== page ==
With its reputation out of Sundance and some early positive reviews, I have to admit I was anxious to see the provocatively titled The Diary Of A Teenage Girl, but as I say in my video review, what I found on screen was a disappointment and a bit of a slog to get through.
Based on a sort of well-regarded Phoebe Gloeckner graphic novel about the coming of age – sexually and otherwise – of a 15-year-old girl named Minnie Goetz in post-hippie, free love San Francisco of the 70’s, the film’s writer/director Marielle Heller warmed to the material saying “it feels closer to what it felt like to be a real teenage girl than anything I have ever read.” She uses the word “honest” to describe it. Hmmmm.
The film is a fiercely graphic (indeed) look at Minnie’s (Bel Powley) own poor self image, partially fostered by a drug-taking, man-hungry mother (Kristen Wiig) who does not exactly set a good image for her daughters. It seems mom’s world is not complete without some sort of guy, no matter how dim-witted, to hang around with while she drinks and cavorts with her partying friends. Naturally Minnie is at that curious and awkward age, so she does what any “real teenage girl” would do in this kind of situation and starts a secret affair with her mother’s 30-something BF Monroe (Alexander Skarsgård) as they hop from endless bed scene to endless bed scene. When she’s not doing her Lolita thing with the clueless mom’s current boy toy, she’s with her best friend talking about sex, fantasizing about sex, and even at one point walking around looking like a hooker in training. But at least it’s “honest”.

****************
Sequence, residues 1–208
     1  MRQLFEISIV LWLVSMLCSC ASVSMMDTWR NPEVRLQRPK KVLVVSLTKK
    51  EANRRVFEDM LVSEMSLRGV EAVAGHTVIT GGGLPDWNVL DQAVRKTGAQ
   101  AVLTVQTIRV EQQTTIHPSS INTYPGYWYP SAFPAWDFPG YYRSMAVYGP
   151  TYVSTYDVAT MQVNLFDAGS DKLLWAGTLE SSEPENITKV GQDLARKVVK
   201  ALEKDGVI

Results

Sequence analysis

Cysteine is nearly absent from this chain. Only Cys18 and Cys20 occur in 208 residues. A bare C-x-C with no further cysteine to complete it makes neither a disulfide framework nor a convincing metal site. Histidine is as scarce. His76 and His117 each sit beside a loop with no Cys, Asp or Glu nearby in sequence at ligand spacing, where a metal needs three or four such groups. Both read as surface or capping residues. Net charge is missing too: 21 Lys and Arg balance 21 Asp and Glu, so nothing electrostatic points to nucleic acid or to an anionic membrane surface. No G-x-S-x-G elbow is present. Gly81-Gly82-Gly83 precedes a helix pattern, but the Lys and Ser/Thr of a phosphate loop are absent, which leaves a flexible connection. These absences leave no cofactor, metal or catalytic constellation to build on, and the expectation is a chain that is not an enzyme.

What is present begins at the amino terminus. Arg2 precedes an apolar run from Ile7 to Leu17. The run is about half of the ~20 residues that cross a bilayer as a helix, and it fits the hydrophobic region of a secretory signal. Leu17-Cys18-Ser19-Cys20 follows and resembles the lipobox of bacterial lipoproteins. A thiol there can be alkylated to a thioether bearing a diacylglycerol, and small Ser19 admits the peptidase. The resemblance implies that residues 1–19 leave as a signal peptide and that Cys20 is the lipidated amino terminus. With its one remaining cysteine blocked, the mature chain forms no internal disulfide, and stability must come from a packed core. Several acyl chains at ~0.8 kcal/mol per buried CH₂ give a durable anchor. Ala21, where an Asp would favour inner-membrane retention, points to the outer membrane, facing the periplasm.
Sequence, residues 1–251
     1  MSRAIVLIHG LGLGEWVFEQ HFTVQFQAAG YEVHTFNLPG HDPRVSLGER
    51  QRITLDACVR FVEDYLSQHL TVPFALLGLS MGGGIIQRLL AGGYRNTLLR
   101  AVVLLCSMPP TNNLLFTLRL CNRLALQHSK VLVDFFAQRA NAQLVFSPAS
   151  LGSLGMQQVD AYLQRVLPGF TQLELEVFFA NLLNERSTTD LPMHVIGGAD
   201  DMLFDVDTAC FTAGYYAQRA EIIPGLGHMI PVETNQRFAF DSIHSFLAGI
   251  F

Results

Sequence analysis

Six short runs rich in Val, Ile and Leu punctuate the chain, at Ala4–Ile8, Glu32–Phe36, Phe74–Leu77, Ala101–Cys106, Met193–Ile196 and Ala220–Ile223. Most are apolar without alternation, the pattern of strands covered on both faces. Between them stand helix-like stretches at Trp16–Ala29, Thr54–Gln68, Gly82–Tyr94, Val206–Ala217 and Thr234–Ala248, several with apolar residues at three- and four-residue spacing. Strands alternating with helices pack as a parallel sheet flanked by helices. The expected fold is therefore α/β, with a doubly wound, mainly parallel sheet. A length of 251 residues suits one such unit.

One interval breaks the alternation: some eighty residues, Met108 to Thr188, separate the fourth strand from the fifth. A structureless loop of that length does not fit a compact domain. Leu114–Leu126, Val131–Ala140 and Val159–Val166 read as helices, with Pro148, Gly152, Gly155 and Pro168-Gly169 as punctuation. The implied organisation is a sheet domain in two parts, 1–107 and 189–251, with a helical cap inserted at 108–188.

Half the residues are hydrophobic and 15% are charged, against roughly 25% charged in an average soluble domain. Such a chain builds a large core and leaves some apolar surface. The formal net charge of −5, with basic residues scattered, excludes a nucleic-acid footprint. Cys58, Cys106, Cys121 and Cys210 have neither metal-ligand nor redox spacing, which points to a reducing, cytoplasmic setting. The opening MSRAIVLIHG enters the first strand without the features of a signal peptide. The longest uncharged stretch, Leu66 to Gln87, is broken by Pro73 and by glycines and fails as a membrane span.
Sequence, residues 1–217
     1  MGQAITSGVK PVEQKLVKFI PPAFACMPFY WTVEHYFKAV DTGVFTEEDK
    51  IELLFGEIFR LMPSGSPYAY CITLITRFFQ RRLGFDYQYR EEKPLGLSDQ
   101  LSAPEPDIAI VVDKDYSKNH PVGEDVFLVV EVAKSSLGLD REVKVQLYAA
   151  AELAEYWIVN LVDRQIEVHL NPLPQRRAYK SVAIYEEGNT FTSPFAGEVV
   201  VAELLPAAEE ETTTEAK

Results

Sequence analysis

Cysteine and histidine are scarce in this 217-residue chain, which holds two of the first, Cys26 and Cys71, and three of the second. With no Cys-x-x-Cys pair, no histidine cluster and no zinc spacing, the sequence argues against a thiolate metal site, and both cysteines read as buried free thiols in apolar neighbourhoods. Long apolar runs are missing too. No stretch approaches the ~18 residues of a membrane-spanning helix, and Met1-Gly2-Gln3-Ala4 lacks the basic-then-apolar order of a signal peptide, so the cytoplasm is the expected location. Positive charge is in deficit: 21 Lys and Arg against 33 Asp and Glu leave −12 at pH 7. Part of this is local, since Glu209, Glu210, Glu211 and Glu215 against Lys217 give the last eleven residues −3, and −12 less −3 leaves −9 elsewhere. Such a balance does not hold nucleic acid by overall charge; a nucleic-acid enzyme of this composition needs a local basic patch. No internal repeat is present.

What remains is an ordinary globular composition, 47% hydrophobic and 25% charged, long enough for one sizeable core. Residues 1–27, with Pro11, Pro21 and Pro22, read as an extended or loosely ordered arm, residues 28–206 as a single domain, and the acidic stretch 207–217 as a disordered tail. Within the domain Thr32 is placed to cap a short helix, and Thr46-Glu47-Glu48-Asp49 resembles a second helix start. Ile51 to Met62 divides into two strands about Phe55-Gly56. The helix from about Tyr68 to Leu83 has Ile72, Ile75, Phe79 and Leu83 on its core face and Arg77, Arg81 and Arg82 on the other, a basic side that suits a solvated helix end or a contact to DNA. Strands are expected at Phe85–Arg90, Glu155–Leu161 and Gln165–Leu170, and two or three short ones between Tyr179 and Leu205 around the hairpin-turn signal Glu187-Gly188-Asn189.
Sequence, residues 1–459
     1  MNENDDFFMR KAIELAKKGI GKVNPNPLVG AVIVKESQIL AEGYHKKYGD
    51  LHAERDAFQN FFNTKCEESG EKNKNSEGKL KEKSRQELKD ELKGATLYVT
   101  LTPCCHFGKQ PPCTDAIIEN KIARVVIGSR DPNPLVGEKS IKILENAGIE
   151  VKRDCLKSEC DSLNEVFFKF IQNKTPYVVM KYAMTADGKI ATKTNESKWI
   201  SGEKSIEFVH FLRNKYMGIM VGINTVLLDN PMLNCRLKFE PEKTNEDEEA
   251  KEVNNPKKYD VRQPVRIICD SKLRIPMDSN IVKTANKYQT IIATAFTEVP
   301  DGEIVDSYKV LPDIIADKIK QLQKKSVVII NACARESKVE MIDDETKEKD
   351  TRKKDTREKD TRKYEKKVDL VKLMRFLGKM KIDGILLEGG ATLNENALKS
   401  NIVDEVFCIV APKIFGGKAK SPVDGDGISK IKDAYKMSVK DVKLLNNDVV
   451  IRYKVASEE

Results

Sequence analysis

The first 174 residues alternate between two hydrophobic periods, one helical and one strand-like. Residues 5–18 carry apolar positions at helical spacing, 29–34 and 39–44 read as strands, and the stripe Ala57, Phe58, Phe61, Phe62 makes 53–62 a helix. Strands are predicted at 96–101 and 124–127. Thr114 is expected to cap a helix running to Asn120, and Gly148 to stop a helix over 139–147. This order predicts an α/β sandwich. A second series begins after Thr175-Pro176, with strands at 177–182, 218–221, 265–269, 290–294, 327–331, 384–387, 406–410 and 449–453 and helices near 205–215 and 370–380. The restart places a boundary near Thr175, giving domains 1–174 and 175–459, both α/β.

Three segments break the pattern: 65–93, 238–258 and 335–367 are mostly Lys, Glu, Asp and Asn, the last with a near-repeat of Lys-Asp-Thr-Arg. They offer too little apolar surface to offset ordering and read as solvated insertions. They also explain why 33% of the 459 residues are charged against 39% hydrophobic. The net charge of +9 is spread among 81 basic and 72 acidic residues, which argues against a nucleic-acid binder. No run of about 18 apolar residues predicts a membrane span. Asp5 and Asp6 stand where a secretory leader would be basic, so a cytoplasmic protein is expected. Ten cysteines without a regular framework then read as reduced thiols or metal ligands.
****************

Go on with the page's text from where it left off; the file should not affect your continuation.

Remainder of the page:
The film zeroes in on this confused young woman’s own longings which she also keeps in the aforementioned diary of the title, a convenient plot excuse so there can eventually be some dramatic arc to all of this, as well as an opportunity to insert a lot of animated drawings along the way. But I still am not quite sure what the point of all this is meant to be. Is it a scathingly accurate account of teen girls of the period that teen girls of today are supposed to be able to identify with?
The film, which felt sleazy and uncomfortable at times to watch, reminded me more of those Warner Bros. teen slut movies of the 60’s like Susan Slade and Claudelle Inglish, or even more like the early 1980s Jodie Foster flick, Foxes, set shortly after the time in which this movie takes place. I do get the fact that the movies over the years have made tons of films about the sexual obsessions of young teen boys, so maybe this is payback for the girls. But I have to say, and maybe it is just me, this particular period piece didn’t have a single character I wanted to spend more than ten minutes watching, or even cared about. And the 101-minute running time felt much longer due to the repetitive nature of the scenes between Monroe and Minnie, and the slow road to the ultimate confrontation with mom, definitely NOT a candidate for Mother Of The Year.
To her credit Heller doesn’t judge these people, but just allows them to be who they are. Certainly the actors aren’t at fault , and actually Heller could not have cast this thing better. Powley takes command of Minnie and never lets go of the core of this girl, at times even hitting a certain poignancy missing from the rest of the movie. Wiig, quickly becoming the new queen of the dour indie movies, is very good for what she’s asked to do, while Skarsgård is believable as slacker Monroe, a loser who still can be the object of a young girl’s sexual awakening, no matter how repulsive he really is.
Producers are Anne Carey, Bert Hamelinck, Madeline Samit and Miranda Bailey. Sony Pictures Classics sends this out in limited release today, going wider next weekend.
Do you plan to see The Diary Of A Teenage Girl? Let us know what YOU think. Watch my review above.